As I was finishing reading “The Cult of Statistical Significance” yesterday, the following passage struck me as particularly important:
Rothman computed a p-value function — a continuous function of p-values mapped against a range of effect sizes. The range of effect sizes was here again measured by the relative risk ratio and includes both beneficial and nonbeneficial effects. He shows that another hypothesis, a fantastically beneficial risk ratio, RR = 4.1, shares the same p-value, .14, as the null, RR = 1.0 (2002, 125). This is common in medicine and all the sciences. To think that p-values have a 1-to-1 correspondence with a unique risk ratio is to ignore the symmetry of the p-function.1
I wish the symmetry of the distributions used for testing significance, especially the t distribution, would be emphasized to students during their introduction to statistics. We generally test distributions so that the t-value comparison is strongly positive to see whether we can reject the null hypothesis of zero difference between the means for some two sets of observations. But it is always possible to test another null hypothesis, in which the difference between the means for the two groups is much larger than the difference we observed, that we will also always fail to reject every time that we fail to reject the primary null hypothesis of zero difference. Yet we never test this hypothesis — despite their being no good reason for this mathematically. The only justification is an implicit Bayesian prior in defense of the null hypothesis rather than its dopplegänger hypothesis in which the difference is much larger than we have seen in practice. Is this implicit underweighting of the alternative null hypothesis really sound? That is an empirical question that is, unfortunately, not likely to be answered soon, but it suggests that conventional statistical practice may consistently underestimate the effects being examined using significance testing.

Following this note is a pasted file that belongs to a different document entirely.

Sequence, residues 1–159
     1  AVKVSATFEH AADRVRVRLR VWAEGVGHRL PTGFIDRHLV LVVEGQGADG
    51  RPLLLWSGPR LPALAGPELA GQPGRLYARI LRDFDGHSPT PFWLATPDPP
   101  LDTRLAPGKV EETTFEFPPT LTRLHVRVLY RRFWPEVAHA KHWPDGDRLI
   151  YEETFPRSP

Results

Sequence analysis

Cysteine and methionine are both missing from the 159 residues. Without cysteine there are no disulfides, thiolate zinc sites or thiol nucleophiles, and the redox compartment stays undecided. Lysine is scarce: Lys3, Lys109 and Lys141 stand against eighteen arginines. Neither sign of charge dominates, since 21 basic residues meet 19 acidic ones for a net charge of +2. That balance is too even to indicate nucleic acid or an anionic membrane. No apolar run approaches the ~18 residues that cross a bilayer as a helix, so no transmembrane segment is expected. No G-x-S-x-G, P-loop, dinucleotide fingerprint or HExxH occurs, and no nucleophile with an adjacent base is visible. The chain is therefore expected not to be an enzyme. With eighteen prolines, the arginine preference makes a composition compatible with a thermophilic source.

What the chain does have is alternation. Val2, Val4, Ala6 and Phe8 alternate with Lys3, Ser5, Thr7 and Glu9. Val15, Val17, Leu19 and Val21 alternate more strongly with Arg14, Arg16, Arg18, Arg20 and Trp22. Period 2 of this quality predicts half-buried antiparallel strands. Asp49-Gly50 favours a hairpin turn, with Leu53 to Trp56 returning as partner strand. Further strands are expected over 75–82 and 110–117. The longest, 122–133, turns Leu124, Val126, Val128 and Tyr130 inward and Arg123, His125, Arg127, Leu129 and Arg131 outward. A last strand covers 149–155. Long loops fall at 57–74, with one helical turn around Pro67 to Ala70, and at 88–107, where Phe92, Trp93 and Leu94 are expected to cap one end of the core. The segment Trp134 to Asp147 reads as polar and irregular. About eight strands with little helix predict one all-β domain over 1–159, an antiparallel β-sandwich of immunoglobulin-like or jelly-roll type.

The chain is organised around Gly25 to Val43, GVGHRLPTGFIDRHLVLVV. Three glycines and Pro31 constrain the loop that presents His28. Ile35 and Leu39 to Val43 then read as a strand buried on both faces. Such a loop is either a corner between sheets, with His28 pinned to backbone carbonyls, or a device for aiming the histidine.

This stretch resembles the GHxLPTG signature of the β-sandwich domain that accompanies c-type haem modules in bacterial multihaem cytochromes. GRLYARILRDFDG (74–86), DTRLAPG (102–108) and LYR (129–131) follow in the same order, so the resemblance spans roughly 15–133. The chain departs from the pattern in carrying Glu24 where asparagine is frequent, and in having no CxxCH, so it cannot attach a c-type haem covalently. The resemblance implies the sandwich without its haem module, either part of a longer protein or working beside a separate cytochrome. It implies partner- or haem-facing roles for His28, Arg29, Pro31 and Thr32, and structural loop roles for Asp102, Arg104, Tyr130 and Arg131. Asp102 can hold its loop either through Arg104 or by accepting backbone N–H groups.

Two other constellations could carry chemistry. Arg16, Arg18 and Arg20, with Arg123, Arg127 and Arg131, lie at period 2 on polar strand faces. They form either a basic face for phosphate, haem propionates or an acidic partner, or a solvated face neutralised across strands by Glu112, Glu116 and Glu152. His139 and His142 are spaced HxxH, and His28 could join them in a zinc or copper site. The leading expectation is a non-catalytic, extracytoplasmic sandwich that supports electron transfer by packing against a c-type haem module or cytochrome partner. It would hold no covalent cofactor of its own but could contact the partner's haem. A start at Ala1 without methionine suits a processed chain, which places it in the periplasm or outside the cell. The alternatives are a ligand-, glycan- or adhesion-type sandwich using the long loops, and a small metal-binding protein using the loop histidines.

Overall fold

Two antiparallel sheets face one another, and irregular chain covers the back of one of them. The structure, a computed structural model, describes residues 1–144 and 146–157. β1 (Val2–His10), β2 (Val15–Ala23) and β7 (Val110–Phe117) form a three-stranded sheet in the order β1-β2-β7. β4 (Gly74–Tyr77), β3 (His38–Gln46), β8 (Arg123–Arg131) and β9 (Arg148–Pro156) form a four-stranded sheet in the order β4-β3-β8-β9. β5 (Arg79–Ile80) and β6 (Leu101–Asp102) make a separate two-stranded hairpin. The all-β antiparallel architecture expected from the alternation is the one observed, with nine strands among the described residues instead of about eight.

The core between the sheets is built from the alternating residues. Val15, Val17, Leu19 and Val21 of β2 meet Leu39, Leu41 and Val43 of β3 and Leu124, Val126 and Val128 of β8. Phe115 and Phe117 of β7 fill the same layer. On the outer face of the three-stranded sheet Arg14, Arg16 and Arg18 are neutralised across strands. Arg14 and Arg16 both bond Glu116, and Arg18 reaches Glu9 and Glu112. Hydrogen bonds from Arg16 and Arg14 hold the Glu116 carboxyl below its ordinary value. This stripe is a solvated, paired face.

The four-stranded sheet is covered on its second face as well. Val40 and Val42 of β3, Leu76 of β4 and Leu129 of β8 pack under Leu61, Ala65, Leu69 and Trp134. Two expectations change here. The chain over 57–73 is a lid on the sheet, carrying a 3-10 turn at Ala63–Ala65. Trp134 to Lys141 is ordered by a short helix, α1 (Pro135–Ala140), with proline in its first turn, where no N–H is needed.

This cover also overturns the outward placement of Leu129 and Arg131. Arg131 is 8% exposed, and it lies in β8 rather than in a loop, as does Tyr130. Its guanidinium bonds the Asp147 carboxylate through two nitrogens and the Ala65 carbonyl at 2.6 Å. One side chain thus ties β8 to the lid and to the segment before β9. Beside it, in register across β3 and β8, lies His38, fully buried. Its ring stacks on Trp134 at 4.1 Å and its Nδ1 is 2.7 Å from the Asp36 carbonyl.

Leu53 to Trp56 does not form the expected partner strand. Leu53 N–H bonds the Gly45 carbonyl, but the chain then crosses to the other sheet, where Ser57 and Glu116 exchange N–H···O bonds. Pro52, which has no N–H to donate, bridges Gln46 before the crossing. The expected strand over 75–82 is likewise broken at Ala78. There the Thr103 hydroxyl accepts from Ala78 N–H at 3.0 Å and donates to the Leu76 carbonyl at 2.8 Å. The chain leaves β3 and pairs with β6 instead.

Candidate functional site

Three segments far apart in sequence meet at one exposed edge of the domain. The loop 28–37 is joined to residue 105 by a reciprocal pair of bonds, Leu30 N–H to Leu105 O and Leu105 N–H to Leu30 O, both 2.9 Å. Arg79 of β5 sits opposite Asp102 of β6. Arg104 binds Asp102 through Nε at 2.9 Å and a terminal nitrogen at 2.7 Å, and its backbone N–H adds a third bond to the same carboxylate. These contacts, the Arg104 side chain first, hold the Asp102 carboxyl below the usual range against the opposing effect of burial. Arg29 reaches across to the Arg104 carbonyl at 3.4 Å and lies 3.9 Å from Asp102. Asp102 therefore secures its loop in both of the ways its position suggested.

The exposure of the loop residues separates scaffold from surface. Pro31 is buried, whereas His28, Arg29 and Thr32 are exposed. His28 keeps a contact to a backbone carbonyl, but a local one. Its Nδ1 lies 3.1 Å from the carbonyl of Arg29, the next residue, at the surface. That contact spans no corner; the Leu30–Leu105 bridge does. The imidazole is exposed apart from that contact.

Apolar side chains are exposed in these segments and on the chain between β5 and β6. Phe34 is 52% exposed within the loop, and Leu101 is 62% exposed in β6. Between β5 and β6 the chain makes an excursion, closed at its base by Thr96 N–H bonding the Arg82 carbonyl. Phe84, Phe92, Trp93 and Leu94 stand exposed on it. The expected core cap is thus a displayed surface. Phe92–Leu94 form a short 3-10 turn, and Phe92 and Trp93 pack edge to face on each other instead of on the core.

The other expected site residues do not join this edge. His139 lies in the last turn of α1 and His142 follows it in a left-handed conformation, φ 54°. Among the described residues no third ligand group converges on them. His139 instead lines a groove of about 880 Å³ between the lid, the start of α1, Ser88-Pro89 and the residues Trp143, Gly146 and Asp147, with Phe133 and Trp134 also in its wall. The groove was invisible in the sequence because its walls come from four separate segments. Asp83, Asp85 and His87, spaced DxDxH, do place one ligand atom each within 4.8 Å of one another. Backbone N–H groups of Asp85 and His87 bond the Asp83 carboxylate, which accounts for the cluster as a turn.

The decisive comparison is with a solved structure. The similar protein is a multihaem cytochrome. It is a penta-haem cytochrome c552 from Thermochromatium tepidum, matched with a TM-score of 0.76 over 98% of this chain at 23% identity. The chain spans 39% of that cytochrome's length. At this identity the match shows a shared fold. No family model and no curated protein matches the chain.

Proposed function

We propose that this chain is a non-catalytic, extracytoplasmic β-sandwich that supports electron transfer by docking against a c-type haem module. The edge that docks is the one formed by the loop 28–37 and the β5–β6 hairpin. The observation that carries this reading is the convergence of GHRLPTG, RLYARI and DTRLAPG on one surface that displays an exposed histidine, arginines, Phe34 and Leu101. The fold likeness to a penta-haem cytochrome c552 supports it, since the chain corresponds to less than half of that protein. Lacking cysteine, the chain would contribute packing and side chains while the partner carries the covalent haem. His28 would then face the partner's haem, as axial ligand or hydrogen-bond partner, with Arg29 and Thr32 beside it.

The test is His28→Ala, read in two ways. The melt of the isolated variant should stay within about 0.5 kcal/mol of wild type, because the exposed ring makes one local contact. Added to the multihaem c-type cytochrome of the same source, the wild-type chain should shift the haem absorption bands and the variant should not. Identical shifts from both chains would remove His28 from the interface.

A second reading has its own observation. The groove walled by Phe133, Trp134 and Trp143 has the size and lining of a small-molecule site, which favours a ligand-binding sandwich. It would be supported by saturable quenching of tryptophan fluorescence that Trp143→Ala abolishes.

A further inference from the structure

Of course, this problem is itself tied to the erroneous conflation of a failure to reject the null hypothesis with its acceptance — with the result that statistically insignificant effects are treated as non-existent, rather than inconclusively determined by the data at hand. Statistically insignificant differences tend not to be tested empirically a second time, so that it is hard to know how often they are really larger than our first experiments suggested.
- Stephen T. Ziliak and Deirdre N. McCloskey : The Cult of Statistical Significance : On Drugs, Disability and Death↩